A delicious recipe

Sunday Lunch

Ana B. Remos

A cozy Sunday lunch by the fire is the antidote to a stressful week.

The coziness and comfort of a Sunday at home is the perfect antidote to a stressful week. Being home is great, but sharing a casual lunch there with friends is even better. The key to keeping it relaxed is to choose a low-labor menu. Weekend cooking and entertaining is all about speediness and ease along with a huge dose of practicality.

I don’t mind spending precious weekend time over the stove, but only if it will make my life easier later in the week, meaning I can enjoy two meals from one cooking session. I often use leftovers of those grand Sunday lunches to last me a few days during the week. If I am cooking, I must as well make the best of it and double recipes that can freeze well or last for a few days in the refrigerator.

Inviting friends for Sunday lunch forces me to cook (something I adore to do in any case) and makes me have a mental plan for that day and a few ideas of meals and recipes of the following ones.

Setting the table in the kitchen can be as sophisticated and elegant, as you like, or as casual as you want to be. I like to incorporate a bit of both: the buffet is arrayed on the kitchen table and guests sit in the living room by the fire with plates on their laps. The entertainment is the mesmerizing fire.

I adore winter lunches that can feed ten or twenty people. Especially on days like New Year’s, the day after Thanksgiving or Boxing Day when I never know how many people will trickle in for a warm meal. The comfort of sitting by the fire with a plate of delicious food on my lap, surrounded by family and friends is to me what the art of entertaining is meant to be.

Use large plates and large napkins when serving food buffet-style. This is not because you want to encouraging piling on the food but to avoid spillage, the larger the plate the less chance of a ruined rug. Large napkins cover your lap and part of your knees— always a good idea when sitting on a low chair or the floor. At home I do serve red wine though I know that most people don’t. My philosophy: its Sunday, a day to relax and indulge. Place decanters filled with white and red wine and pitchers with Bullshots or Bloody Marys on the buffet table or sideboard to make self-service easy on you and comfortable for your guests.

Make your life easier, especially on those spur-of-the-moment weekend extravaganzas, by enlisting the help of a single male friend. I know they are hard to come by but they are eternally grateful for a home cooked meal and will do almost anything to get invited back. Asking for their help in setting up the bar, lighting the fire and mixing drinks is a brilliant way to get it all done.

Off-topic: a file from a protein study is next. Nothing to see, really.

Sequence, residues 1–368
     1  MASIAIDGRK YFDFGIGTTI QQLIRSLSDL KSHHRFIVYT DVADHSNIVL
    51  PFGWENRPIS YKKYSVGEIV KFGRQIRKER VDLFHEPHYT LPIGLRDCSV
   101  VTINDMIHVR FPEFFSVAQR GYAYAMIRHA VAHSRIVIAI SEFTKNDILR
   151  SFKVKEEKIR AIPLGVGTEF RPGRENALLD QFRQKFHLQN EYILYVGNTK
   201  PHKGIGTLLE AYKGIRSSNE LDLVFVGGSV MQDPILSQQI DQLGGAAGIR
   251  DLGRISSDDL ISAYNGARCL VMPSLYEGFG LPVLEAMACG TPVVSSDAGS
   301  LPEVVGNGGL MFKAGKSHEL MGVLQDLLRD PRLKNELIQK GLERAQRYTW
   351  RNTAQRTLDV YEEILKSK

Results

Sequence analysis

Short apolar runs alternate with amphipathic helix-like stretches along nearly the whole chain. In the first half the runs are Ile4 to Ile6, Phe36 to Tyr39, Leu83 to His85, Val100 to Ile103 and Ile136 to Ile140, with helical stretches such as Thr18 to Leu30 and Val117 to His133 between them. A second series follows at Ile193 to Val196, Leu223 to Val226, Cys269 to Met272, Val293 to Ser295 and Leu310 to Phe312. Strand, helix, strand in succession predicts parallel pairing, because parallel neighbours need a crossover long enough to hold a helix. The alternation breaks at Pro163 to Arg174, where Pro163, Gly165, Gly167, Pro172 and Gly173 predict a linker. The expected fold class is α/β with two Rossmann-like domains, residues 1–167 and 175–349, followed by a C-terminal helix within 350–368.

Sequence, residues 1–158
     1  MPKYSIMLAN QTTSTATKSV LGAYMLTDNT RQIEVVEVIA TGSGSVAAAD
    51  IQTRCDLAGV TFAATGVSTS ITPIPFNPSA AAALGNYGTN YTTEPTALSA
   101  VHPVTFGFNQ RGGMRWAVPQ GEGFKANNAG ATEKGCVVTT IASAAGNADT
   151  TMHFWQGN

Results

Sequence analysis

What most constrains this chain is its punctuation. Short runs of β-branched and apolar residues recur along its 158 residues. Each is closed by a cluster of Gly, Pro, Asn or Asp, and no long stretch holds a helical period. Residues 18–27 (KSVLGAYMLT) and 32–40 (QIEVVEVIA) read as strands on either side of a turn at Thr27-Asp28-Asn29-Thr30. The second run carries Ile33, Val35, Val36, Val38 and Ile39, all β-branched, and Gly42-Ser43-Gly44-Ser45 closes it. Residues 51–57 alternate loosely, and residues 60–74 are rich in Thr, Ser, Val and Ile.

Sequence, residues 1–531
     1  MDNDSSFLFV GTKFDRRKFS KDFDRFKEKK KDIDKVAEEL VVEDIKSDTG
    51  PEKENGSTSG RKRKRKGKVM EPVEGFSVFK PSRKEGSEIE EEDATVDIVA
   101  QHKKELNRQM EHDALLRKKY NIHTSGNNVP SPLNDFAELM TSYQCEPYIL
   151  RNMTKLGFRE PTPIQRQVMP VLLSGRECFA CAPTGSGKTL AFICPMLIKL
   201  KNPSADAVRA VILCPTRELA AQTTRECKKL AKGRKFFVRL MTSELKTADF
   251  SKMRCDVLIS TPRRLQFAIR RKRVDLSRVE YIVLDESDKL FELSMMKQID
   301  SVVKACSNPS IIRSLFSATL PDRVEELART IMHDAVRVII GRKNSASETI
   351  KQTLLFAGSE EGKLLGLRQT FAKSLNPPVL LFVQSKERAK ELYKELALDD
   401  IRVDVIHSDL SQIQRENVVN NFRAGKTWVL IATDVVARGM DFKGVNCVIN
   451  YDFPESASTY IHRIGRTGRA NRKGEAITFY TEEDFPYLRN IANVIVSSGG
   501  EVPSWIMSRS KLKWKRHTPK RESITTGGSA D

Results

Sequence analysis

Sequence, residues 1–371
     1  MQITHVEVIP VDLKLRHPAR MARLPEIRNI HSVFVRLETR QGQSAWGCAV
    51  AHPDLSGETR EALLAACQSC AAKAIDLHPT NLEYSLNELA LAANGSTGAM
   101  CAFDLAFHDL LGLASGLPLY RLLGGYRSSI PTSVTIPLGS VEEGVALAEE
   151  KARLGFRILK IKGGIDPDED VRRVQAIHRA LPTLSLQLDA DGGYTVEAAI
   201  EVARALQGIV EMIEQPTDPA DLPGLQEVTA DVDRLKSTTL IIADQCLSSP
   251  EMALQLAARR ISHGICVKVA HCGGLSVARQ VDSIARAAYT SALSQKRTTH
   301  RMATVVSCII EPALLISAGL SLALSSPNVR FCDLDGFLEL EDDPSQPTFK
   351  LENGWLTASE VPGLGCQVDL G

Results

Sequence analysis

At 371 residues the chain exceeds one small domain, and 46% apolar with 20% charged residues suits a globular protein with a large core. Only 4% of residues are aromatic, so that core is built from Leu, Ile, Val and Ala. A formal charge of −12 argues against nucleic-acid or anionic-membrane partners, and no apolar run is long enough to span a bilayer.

Old Fashioned Meatloaf

When I make this meatloaf, I separate the mixture into two or three loafs, depending the number of people I am entertaining. I sometimes make it in loaf pans and other times just shape it free form. I do make this large quantity as it freezes beautifully. For extra flavor substitute 1 pound of any of the meats for ground sausage.

3 tablespoons olive oil
1 large onion, diced
3 celery stalks, diced
2 garlic cloves, diced
6 slices bread, cubed
2 ½ cups tomato sauce
1 cup milk
1 cup parsley, finely chopped
1 cup grated Parmesan
1 tablespoon Worcestershire sauce
1 lb. ground beef chuck or round
1 lb. ground veal
1 lb. ground pork
1 lb. ground turkey
Salt and fresh ground pepper
½ lb. bacon

In a sauté pan, heat the olive oil over high heat. Add the onions, celery and garlic and sauté until soft. Preheat the oven to 350°F. In a large bowl, combine the bread, 1 1/2 cups of the tomato sauce and the milk. Stir to combine well. Add the parsley, cheese, Worcestershire sauce, meats, onion mixture and salt and pepper. Mix gently with your fingers to combine well. Shape the mixture to resemble a large loaf or two smaller ones and place on a baking tray. Arrange the bacon slices on a diagonal to cover the loaf or loaves. Tuck the ends of the bacon under the meat. Pour one cup of the tomato sauce on top. Bake for one hour. Drain some of the fat from the pan and bake 30 minutes more. Let rest for 5 minutes before slicing. Slice into 1 1/2 inch thick slices and serve hot.

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